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Procurement reform in the Philippines: the impact of elite capture and informal bureaucracy

David Seth Jones (Faculty of Business, Economics and Policy Studies, University of Brunei, Gadong, Brunei)

International Journal of Public Sector Management

ISSN: 0951-3558

Article publication date: 5 July 2013



The purpose of the paper is to examine features and impact of recent reforms introduced by the Philippines government to deal with the longstanding shortcomings in its procurement system.


The research for the paper is based on reports by international organizations, official documents of the Philippines government, surveys by international and domestic organizations, interviews with relevant officials and media reports.


The findings show that the reforms have focused on fostering competition, increasing transparency, standardizing procedures, enhancing end‐product quality and contractor reliability, ensuring proper planning and budgeting, combatting corruption, and strengthening accountability. These reforms were intended to create a procurement system more in line with international best practices. However the paper shows that the impact has been less than promised. This is due to limitations of certain provisions of the reforms and weaknesses in both implementation and in the accountability of the procuring entities. A key factor in undermining the reforms is widespread corruption, which continues to affect many aspects of the procurement system. The article identifies two important and related reasons for such failings: elite capture of the government and bureaucracy by a powerful network of business leaders from well‐established landed families, who have close links with the political establishment; and second, a long‐established culture of informal influence in the Philippine state bureaucracy (what may be termed the informal bureaucracy), which has been used to maximum effect by the elite network of business leaders. As a result, this network has been able to influence the reforms to serve its own interests and ensure its continued dominance of the procurement market.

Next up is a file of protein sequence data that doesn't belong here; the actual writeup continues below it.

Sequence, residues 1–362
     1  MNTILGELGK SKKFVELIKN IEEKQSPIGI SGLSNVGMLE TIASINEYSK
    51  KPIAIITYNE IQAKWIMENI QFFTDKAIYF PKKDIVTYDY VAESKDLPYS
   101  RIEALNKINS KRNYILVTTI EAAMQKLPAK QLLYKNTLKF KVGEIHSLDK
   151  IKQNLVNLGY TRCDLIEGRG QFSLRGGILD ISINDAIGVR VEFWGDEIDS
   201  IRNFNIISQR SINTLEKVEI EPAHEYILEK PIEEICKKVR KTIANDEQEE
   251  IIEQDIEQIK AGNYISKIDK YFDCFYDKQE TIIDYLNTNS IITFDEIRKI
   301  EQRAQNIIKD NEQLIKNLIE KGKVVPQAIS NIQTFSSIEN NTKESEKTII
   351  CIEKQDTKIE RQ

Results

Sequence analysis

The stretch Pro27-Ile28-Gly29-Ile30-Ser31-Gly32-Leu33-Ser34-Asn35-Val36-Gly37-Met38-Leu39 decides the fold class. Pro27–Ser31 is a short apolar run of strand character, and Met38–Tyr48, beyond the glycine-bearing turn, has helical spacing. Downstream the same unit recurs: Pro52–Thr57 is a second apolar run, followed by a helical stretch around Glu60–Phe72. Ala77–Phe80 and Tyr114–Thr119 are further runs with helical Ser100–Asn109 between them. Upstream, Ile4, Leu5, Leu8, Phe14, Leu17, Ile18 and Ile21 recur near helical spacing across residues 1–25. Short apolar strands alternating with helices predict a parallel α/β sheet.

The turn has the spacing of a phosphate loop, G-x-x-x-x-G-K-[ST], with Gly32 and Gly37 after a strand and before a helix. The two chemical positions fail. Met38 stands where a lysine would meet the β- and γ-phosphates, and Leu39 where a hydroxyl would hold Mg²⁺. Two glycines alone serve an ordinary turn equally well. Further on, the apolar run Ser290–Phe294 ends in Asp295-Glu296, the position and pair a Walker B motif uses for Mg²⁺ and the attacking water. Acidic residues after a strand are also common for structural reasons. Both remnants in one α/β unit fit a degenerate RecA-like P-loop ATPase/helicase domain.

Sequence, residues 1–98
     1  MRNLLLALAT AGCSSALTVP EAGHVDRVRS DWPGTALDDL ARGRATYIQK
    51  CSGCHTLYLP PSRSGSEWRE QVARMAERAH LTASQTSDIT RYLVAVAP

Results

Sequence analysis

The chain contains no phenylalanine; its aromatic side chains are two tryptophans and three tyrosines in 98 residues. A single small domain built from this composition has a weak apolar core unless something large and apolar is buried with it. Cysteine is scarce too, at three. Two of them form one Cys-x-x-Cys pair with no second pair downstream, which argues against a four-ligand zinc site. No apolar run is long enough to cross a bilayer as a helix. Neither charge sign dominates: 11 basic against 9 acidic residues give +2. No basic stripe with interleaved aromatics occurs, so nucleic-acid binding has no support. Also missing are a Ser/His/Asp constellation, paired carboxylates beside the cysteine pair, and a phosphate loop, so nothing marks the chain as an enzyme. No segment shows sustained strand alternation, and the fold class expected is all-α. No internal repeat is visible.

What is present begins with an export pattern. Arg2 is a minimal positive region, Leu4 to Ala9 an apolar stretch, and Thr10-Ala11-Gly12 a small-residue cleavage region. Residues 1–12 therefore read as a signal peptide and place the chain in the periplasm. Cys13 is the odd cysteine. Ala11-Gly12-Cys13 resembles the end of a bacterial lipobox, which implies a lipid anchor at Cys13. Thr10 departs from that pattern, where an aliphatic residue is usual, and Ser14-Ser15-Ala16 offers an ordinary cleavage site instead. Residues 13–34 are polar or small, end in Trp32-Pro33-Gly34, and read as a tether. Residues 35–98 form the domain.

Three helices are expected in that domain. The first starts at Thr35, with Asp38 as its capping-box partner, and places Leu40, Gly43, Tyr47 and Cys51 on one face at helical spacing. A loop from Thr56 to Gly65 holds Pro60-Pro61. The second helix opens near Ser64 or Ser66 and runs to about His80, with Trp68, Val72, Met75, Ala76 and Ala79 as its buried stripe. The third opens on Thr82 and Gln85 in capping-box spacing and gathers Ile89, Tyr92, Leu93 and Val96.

The value of the paper is to show how administrative reforms, no matter how well formulated they are, may be readily undermined in the process of implementation by elite groups able to influence government bureaucracy through an informal culture.



Seth Jones, D. (2013), "Procurement reform in the Philippines: the impact of elite capture and informal bureaucracy", International Journal of Public Sector Management, Vol. 26 No. 5, pp. 375-400.



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